Phillies acquire Gregory Soto from Tigers: What All-Star bench brings to Philly

Philadelphia Phillies acquire All-Star left-hander Gregory Soto in trade with Detroit Tigers, team announcement Saturday. Here’s what you need to know:

  • Soto, a second-straight All-Star last season, recorded 30 saves with a 3.28 ERA in 60.5 innings pitched.
  • In return, the Tigers will get Nick Maton, Matt Vierling and Donny Sands from Philadelphia.
  • Detroit infielder Cody Clemens — the son of Roger Clemens — will also be sent to the Phillies as part of the five-player deal.

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Why the Phillies win after Soto

In Soto, the Phillies got their platonic ideal rescuer. He has first-rate stuff and dubious orders. The Phillies have successfully used a similar left-handed pitcher — Jose Alvarado — and they can apply some lessons to Soto.

With Soto and Alvarado in the bullpen, the Phillies will have two of the best left-handed pitchers in the sport, as measured by Statcast. Alvarado’s fastball will average 99.6 mph in 2022, while Soto’s 98.4 mph. Since joining the Phillies, Dave Dombrowski has made speed a priority when building his bullpen. The deal reflects that. Now, Phillies head coach Rob Thomson has as many as six interchangeable reserves at the end of the game in Alvarado, Soto, Cerantoni Dominguez, Craig Kimbrel , Matt Strahm and Connor Brogdon. It’s an interesting combination. — yellow

Phillies’ expectations for Soto, Clemens

Soto could do well as a seventh- or eighth-inning reliever on a contending team. His stuff may be nasty, but his smell rate dropped to worrying levels toward the end of last season, ranking 53rd in the MLB percentile. The disappearance of Soto’s slider hampered him last season, using just 21.6 percent of his time, compared to 37.6 percent in 2021. Inconsistency is in Soto’s nature, but when he has the ball, he can dominate.

Clemens is a 26-year-old utility player who has spent the longest time at second base. The Tigers put him on the 40-man roster last season mostly because of his bat. Clemens hit . 145 with five homers in 117 at-bats in the MLB last season. — Stavenhagen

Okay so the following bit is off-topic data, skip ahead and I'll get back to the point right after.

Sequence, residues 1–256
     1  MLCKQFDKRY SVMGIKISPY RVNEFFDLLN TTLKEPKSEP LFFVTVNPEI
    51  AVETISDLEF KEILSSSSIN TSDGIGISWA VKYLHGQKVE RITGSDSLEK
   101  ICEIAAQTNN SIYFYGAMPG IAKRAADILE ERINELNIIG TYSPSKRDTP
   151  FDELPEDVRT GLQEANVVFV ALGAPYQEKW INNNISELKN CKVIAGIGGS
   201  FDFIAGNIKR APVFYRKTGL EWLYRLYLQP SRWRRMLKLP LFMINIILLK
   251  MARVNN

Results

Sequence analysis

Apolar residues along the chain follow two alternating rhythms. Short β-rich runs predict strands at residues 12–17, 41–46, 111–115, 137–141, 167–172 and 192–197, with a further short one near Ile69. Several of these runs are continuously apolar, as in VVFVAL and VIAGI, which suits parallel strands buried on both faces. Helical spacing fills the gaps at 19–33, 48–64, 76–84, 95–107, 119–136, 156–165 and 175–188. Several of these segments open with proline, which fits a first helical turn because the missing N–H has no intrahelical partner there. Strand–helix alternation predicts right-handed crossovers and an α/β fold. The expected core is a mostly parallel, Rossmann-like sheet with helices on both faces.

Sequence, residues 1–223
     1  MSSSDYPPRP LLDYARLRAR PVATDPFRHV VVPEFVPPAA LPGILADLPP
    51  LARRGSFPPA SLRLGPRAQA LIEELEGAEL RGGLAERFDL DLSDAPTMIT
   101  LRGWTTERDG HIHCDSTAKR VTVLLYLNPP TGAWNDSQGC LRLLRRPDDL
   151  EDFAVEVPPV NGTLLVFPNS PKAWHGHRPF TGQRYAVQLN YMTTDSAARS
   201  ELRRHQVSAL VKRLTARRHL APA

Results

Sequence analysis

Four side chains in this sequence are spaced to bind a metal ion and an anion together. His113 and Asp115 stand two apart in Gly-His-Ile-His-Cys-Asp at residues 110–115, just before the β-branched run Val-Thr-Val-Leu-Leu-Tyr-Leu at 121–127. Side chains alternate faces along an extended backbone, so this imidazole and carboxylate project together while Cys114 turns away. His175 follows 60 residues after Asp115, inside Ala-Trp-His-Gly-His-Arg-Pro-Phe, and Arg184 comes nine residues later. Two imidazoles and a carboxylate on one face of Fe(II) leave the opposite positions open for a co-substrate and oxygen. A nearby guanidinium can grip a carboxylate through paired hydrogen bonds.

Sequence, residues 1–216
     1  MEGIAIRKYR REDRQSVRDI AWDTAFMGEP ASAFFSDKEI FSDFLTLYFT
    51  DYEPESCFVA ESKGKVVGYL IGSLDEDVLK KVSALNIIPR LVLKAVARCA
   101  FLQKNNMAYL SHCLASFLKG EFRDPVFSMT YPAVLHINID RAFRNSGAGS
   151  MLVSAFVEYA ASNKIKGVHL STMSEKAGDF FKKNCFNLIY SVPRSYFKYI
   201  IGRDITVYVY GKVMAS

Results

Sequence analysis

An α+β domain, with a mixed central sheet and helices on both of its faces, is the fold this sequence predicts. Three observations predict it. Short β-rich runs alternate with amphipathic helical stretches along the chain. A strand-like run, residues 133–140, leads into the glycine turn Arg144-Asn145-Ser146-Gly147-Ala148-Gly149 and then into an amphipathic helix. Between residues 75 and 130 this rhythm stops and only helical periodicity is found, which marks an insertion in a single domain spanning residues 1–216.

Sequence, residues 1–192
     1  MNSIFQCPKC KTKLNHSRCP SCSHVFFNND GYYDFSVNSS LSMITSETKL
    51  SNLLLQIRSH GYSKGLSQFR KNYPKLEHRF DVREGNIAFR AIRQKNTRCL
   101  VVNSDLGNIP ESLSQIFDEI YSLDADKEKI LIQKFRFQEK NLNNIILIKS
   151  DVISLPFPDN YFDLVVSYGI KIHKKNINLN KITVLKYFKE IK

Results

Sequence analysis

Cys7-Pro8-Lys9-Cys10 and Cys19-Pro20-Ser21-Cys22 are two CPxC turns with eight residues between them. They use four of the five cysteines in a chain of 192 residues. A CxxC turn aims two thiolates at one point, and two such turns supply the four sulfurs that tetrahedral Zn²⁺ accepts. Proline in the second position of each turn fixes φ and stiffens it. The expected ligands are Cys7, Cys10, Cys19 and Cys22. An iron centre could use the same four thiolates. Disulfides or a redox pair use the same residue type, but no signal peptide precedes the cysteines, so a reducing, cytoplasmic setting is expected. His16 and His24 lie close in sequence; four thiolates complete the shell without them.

what the tigers got in return

Vierling and Maton were two role players on last season’s National League Championship team, and while they both have intriguing skill sets, the Phillies are willing to trade them for more meaningful contributors. Vierling is the fourth best outfielder for lefties. He always hits the ball hard, but often hits the ground. Matton can play all over the floor and show some flashes, but the Phillies have always been reluctant to overexpose him in normal minutes.

Those two young players were a source of energy on surprise runs, and even when they weren’t playing, the Phillies sacrificed some real depth to improve their bullpen. Sands, who spent all season on the 40-man roster and only had a brief stint in the majors in September, is considered a hit-first receiver but has concerns about his defensive game. — yellow

The Tigers met their plethora of needs with the trade — a right-handed outfielder, a left-handed infield bat and a catcher — but it’s unclear whether the players they got in return will be real MLB regular. — Stavenhagen

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(Photo: Kirby Lee/USA TODAY)

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